There is something vaguely Gothamesque about the name Richmond Penitentiary. It was first mooted when some land was purchased at the time of the development of Richmond Asylum nearby. Both were named after Charles Lennox, 4th Duke of Richmond, who was Lord Lieutenant of Ireland from 1807 – 1816. In one of those nice symmetries Irish history throws up, Richmond went on to become Governor General of British North America, a role later assumed (in the form of Governor General of Canada) by Charles 4th Viscount Monck. Monck’s uncle (and father-in-law, don’t ask) was Henry, 2nd Viscount Monck, later Earl of Rathdown, who originally sold the land for Richmond Penitentiary in the first place.
The land for the penitentiary had been occupied by Andrew Quinn, who kept an orchard or some form of market garden. It is clear from Rocque’s plan of the city that the entire area was farmed in some way. Grangegorman Lane, on which the penitentiary was built, is just about discernible on the 1757 map. Channel Row—visible at the bottom of the extract shown—was soon to become Brunswick St, so we can use this as a guide to follow the lane north until it peters out, entering into what must have been Quinn’s plot of 3½ acres. 40 years later, the site was a little more developed, with Grangegorman Lane marked (see map). It’s worth noting here some street names in the area: Stanley Street (visible on Rocque) and Monk (sic) Place (visible on 1798 map). These are obviously connected to the Monck family. Stanley is especially important: Sir Thomas Stanley was a Cromwellian soldier who had the lands at Grangegorman. His daughter and heiress Sarah Stanley married Charles Monck, an ancestor of those we discuss here. Stanley St was once a tree-lined avenue to the Manor of Grangegorman, now it is a lane to a Corporation depot, or a “Scavenging Depot and Destructor”, according to one OSi map.
After the sale, Mr Quinn sold his last batch of apples in July 1812, and the wood from the orchard was sold that December. Monck banked £1,100 and a peppercorn (nominal) rent for the land. Francis Johnston was taken on to design the building, having already been employed as the asylum architect. The early nineteenth century was a time when there was a zeal to reform, and rather than send prisoners to far-flung corners of the globe, those with any hope (or potential for Protestantism) were marked for possible redemption and sentenced instead to a local penitentiary, thus the desire for a building in the first place. However, from the time the site was chosen in 1810, it took another decade for the prison to open. The weather vane on the cupola had a date of 1816, and in 1818 the building was used briefly as a fever hospital during a cholera epidemic. The building cost at least £40,000, but was repeatedly criticised for its design (prisons were not part of his repertoire). Johnston’s characteristic “fan” shaped design is visible on the OSi map from the 1830s. Prisoners began their sentence in solitary confinement on the outer confines, and gradually moved towards the centre as their sentence progressed, until they arrived at the workshops at the centre. Each of the cells were 12′ 4 square and 11′ high.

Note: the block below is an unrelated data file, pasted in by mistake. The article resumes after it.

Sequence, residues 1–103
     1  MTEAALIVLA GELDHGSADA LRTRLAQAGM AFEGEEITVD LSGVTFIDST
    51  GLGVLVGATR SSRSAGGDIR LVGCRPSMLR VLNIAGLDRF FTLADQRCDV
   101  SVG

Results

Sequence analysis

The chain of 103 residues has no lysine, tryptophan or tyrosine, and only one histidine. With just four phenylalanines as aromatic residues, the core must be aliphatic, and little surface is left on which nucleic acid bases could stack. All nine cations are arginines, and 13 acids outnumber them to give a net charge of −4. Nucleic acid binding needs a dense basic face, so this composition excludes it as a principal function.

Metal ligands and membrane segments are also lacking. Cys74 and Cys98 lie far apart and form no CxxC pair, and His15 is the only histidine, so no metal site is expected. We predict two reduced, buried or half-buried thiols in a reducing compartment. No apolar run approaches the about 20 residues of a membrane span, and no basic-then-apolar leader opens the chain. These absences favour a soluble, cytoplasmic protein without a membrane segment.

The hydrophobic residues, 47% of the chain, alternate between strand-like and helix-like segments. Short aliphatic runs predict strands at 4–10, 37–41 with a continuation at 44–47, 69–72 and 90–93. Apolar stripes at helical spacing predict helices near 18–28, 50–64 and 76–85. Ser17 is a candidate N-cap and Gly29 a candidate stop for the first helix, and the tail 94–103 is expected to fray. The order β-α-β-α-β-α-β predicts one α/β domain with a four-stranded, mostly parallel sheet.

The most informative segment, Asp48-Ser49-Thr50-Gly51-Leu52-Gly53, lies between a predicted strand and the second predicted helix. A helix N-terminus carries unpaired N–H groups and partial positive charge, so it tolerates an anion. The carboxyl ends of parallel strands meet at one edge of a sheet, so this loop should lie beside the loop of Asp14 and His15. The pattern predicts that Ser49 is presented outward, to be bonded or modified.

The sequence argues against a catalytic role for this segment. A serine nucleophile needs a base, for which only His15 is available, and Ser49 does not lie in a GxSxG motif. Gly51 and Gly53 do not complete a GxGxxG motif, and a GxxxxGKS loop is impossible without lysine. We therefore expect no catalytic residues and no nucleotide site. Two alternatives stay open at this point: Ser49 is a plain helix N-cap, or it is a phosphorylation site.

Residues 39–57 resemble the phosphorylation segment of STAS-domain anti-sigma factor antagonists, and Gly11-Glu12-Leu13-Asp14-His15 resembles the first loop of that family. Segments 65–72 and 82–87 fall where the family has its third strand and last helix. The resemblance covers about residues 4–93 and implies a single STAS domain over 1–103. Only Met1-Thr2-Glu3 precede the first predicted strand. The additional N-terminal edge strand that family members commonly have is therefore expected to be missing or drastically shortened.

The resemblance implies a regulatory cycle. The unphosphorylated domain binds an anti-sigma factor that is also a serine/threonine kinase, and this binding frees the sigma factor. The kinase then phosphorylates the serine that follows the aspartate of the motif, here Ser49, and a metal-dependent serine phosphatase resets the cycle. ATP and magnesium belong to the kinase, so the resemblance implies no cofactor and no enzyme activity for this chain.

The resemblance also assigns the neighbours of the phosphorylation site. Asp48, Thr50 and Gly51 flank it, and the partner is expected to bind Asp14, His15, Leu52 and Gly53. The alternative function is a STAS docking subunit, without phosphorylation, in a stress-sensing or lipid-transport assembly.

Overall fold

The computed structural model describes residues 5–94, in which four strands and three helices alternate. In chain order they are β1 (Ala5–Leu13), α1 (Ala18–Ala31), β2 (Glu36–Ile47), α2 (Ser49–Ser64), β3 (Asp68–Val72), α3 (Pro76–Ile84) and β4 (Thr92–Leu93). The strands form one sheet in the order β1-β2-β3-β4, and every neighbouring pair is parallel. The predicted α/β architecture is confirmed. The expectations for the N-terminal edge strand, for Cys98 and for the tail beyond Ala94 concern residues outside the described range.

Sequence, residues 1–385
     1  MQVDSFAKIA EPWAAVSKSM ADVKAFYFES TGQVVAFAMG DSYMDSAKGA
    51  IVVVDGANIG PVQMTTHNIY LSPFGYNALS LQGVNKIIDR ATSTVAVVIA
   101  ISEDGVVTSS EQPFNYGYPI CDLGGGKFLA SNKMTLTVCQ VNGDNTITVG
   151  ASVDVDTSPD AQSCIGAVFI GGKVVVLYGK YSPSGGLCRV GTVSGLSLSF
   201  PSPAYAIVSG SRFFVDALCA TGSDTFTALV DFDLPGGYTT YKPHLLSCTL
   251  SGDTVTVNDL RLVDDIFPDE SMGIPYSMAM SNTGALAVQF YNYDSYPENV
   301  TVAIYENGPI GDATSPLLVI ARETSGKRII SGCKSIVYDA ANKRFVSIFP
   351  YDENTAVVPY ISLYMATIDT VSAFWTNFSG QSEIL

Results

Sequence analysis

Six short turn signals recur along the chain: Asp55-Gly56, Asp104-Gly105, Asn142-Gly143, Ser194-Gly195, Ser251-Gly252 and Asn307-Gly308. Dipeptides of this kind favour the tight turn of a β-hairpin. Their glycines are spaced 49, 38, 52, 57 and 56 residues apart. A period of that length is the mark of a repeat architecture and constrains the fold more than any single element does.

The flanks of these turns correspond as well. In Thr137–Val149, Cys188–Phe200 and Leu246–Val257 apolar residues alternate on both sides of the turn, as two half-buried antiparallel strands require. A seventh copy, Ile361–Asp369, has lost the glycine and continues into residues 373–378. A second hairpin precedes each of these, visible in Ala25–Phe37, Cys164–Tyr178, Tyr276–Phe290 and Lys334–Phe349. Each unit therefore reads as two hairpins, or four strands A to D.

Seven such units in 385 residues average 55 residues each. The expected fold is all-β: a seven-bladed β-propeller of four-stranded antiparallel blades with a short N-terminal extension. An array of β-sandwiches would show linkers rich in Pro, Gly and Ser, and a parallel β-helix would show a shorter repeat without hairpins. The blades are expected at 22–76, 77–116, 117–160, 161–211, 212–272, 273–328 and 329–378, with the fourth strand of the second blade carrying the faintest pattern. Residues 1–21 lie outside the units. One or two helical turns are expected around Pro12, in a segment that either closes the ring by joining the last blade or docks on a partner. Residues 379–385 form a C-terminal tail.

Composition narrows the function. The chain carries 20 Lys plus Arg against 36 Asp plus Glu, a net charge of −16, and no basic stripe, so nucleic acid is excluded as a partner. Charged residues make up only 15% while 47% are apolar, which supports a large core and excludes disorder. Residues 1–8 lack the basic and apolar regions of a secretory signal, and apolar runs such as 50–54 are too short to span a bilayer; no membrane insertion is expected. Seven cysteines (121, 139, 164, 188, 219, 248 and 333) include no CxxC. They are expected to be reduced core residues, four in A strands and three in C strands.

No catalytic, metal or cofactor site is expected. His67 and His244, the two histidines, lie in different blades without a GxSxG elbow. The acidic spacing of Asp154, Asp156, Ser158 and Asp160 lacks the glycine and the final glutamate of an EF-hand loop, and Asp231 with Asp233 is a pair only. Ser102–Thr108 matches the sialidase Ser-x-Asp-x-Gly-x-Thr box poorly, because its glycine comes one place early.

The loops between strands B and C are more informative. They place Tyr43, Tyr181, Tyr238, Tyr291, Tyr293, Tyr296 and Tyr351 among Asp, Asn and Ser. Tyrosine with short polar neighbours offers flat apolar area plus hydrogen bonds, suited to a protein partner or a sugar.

From the outset, the prison was embroiled in the religious debates of the 1820s, similar to those occurring in education, and culminating in Emancipation in 1829. Several boys were transferred from Smithfield in 1821, and the orphans among them were assumed to be Protestant. This was successfully contested by the Roman Catholic chaplain. The tone of the decade in the prison was set. In 1826, the Roman Catholic Archbishop of Dublin, Rev Dr Murray, submitted a memorial on behalf of ten prisoners. The nine men and one woman complained that they had been ill-treated because of their religion, and that proselytism in the form of cruelties, punishments, deprivations and tortures was rife. A 39-day inquiry ensued, which found that while there was mass conversion, torture was not used. Instead, it was ascribed to the “entrance week” that new inmates spent in solitary confinement. After this time, prisoners were asked to state their religion, and it was felt that they may have declared to be Protestant in the hope of an easier time.
Things got worse in the prison after the inquiry. The Roman Catholic chaplain had acted on behalf of the prisoners, so understandably he and the governor were not going to be best of friends afterwards. Conditions in the prison deteriorated and prisoners began to take advantage of low staff morale, and resulting lack of discipline, by committing further “outrages”. At some point it was decided to end the experiment, and just 8 years after it opened, Richmond began to prepare to close. The process took about two years, and the prison closed in 1831. It returned to its former temporary use as a Fever Hospital in time for the Cholera Epidemic of 1832.
- H. Heaney (1974) Ireland’s Penitentiary 1820-1831: An Experiment That Failed, Studia Hibernica, 14, 28-39.
- T. K. Moylan (1945) The District of Grangegorman: Part II, Dublin Historical Record, 7(2), 55-68.